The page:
Blog Three – The Existence of Race

I was interested to read the position statements regarding race from the American Association of Physical Anthropologists (AAPA) and the American Anthropological Association (AAA). Apparently, regardless of the strong cultural beliefs around the world concerning the word “race,” these professional associations have chosen to represent their members with statements that “race” does not exist. Admittedly, their use of DNA evidence and scientific speciation supports the idea that all human beings should be classified as Homo sapiens and therefore have only phenotypic variation such as height, eye color, etc. This scientific evidence is also supported by the obvious fact that human males and females can breed and produce viable, fertile offspring. The AAA states that the “continued sharing of genetic material maintains humankind as a single species.” Classifying humans in this way seems simplistic considering the social influences that have been engrained in societies for hundreds of years. Even Norman Sauer admits that forensic anthropologists continue to use “race” as an identifying characteristic reported during field examinations. He admits that his professional colleagues have, for the most part, abandoned this classification but suggests that our society and our law enforcement agencies typically use race to help identify victims and criminals alike. “Race” may not be so easy to erase from the dictionary.

I believe eliminating race from our vocabulary would be a significant step toward a society of true equals. The use of science would simplify an explanation of the non-existence of biological race to a person who was unfamiliar with the topic. They must accept that humans can differ in appearance and skin color and deserve to be accepted as people with equal abilities. Recognizing that all people are equal genetically would lead to a society that neither discriminates nor offers advantageous preference to one person over another. No one would feel discrimination and there would be no need for affirmative action. The most qualified and motivated individuals would find success based purely on their qualifications. I fear, however, that our society is not ready to accept changing the dictionary as easily as the AAPA and AAA can modify their position statements.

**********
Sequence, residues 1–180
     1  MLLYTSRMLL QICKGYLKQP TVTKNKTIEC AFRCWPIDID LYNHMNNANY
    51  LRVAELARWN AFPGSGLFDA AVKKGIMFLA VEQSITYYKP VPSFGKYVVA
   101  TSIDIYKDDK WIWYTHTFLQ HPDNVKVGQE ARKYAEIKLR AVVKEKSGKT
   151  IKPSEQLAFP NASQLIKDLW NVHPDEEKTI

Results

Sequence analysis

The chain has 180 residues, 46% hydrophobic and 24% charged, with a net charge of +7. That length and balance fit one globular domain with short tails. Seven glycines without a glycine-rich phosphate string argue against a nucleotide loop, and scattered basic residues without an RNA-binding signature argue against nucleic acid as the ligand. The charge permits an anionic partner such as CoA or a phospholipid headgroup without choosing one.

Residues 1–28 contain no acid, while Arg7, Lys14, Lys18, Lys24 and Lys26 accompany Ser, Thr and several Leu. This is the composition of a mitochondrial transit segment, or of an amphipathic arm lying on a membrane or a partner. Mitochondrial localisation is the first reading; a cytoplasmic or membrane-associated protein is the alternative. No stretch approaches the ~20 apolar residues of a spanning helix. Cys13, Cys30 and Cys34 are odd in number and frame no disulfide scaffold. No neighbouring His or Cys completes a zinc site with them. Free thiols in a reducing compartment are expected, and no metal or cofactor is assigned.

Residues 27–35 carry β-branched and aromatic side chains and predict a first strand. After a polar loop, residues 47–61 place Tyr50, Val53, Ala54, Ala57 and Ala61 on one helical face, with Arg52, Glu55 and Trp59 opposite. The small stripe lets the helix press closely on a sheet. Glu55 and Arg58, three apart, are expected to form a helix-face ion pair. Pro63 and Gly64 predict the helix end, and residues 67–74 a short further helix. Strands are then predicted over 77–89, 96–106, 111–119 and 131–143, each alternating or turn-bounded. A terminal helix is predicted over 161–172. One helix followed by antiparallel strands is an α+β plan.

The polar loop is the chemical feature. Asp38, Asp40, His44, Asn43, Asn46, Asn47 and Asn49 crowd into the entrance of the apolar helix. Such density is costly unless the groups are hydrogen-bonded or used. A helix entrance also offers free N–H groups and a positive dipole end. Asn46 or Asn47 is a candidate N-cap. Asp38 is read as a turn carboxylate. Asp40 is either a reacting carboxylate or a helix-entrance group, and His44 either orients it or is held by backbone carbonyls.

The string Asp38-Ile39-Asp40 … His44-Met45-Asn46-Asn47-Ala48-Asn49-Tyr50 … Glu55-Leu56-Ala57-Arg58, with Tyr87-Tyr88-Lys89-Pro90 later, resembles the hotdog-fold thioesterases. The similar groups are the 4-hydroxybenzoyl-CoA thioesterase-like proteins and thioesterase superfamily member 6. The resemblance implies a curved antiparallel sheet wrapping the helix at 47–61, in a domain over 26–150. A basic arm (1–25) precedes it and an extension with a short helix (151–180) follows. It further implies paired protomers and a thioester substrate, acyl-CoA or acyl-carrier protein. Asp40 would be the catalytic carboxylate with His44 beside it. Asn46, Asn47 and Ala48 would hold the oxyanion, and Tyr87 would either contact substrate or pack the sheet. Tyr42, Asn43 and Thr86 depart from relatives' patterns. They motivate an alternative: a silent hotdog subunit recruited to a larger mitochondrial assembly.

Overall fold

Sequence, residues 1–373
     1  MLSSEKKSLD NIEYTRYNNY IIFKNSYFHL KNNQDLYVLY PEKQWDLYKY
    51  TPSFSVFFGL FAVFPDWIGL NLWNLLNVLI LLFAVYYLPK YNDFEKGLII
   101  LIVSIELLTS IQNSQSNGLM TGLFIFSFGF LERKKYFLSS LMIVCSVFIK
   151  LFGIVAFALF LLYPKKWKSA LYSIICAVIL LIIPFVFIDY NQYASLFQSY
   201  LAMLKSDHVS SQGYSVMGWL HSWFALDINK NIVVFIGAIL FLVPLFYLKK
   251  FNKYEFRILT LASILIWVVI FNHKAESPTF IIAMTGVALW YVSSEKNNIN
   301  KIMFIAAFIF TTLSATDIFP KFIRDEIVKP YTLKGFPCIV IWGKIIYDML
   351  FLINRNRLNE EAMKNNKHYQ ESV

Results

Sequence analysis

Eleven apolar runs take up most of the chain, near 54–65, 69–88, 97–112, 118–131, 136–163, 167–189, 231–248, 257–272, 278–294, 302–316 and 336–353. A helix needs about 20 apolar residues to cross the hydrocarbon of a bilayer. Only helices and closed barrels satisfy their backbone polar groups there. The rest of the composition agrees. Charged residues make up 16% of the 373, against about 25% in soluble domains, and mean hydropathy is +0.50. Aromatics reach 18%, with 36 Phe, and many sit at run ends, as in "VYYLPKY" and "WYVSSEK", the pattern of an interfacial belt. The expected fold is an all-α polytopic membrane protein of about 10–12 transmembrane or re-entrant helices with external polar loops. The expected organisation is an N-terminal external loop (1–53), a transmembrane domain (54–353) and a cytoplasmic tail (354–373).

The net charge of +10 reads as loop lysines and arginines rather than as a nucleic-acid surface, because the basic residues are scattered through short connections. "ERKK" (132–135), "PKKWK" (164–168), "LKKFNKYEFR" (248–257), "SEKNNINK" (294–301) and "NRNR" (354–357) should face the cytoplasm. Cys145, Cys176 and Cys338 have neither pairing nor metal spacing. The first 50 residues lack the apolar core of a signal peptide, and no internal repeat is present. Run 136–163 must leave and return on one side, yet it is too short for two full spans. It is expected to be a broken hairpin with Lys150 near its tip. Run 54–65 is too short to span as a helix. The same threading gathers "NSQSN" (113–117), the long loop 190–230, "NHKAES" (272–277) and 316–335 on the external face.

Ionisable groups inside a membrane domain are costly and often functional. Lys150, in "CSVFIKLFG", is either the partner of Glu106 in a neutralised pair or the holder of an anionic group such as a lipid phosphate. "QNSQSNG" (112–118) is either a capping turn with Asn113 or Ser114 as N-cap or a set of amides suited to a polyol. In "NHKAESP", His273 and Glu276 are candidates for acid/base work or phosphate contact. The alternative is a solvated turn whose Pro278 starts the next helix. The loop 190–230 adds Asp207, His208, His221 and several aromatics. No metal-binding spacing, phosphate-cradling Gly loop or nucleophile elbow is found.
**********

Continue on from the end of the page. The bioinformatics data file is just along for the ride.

In the reading on race and human variation, these sentiments are echoed. This project by the AAA tries to systematically explain how our population differs due to patterns of migration over thousands of years and the evolution of physical characteristics that were advantageous to populations who settled on different regions of the globe. They evidenced the Human Genome Project to support our species similarities and emphasized that African populations contain the genetic variations of all the world’s people who migrated outward echoed by the authors. Historically, people seem to be separated or grouped in ways that allow people with power to control the destiny of people who are weaker. The Romans sacrificed Christians and Jews and had slaves from all the areas they concurred. This was an issue of power and control for the strong over the weak. The development of race may have been a way to explain the inequalities in colonial America but are not relevant today. If the scientific community by way of the AAPA and AAA can initiate discussions that eliminate racial criteria from our society, they may be credited for an achievement as important as the Human Genome Project.

3 thoughts on “Blog Three – The Existence of Race

  1. I wholeheartedly agree with your assertions that the colonial era definition used on the AAA and AAPA statements is not relevant today, and that the Romans enslaved people from all the areas they conquered; regardless of race. But, I differ on your view that the majority of racial discrimination occurs due to a perceived genetic or biological difference. Race is modernly much more tied to culture than it is to genetics, and the perceived differences in cultural value systems and practices tied to race are the root of prejudice. For example, did you know that 91% of women in Egypt have been genitally mutilated (World Health Organization, 2013), which is also known as female circumcision? That means that culturally, the vast majority of the people in Egypt have a value system that permits and condones all the external components of female genitalia to be cut off of young girls between the ages of 5 and 14, most likely with no anesthetic. The modern definition of race alludes to ethnicity and geographic origin, therefore a racial morality judgement of an Egyptian, or racial Mediterranean Arab, as someone who likely condones female genital mutilation is not unfounded. I fully object to female genital mutilation, it is a barbaric, backward practice that has no place in any society; I also impose harsh judgement on anyone who thinks otherwise. Could you blame an employer for not wishing to hire an Egyptian man, as it is likely his moral system is inherently opposed in crucial ways to their own? Is not wanting to hire him racist, even though it has nothing to do with his biology, and everything to do with his culture? This is nothing more than a demonstration on why modern racial prejudice is more tied to culture and morality rather than biology.